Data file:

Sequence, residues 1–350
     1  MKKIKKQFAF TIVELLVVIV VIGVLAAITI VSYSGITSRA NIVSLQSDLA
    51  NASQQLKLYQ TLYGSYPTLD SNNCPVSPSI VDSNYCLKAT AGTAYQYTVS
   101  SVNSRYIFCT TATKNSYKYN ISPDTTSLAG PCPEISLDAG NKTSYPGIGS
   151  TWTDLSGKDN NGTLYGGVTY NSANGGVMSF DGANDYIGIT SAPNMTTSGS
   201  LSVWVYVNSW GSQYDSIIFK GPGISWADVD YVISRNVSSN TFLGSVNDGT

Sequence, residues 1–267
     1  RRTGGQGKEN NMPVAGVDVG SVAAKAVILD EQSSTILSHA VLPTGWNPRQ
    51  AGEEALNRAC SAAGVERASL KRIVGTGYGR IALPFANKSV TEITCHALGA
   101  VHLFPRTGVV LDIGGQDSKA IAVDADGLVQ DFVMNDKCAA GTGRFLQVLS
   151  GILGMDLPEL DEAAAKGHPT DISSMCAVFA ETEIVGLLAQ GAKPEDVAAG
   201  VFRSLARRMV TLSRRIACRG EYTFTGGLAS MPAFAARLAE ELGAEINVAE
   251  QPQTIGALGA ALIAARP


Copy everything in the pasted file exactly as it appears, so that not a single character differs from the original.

Sequence, residues 1–350
     1  MKKIKKQFAF TIVELLVVIV VIGVLAAITI VSYSGITSRA NIVSLQSDLA
    51  NASQQLKLYQ TLYGSYPTLD SNNCPVSPSI VDSNYCLKAT AGTAYQYTVS
   101  SVNSRYIFCT TATKNSYKYN ISPDTTSLAG PCPEISLDAG NKTSYPGIGS
   151  TWTDLSGKDN NGTLYGGVTY NSANGGVMSF DGANDYIGIT SAPNMTTSGS
   201  LSVWVYVNSW GSQYDSIIFK GPGISWADVD YVISRNVSSN TFLGSVNDGT

Sequence, residues 1–267
     1  RRTGGQGKEN NMPVAGVDVG SVAAKAVILD EQSSTILSHA VLPTGWNPRQ
    51  AGEEALNRAC SAAGVERASL KRIVGTGYGR IALPFANKSV TEITCHALGA
   101  VHLFPRTGVV LDIGGQDSKA IAVDADGLVQ DFVMNDKCAA GTGRFLQVLS
   151  GILGMDLPEL DEAAAKGHPT DISSMCAVFA ETEIVGLLAQ GAKPEDVAAG
   201  VFRSLARRMV TLSRRIACRG EYTFTGGLAS MPAFAARLAE ELGAEINVAE
   251  QPQTIGALGA ALIAARP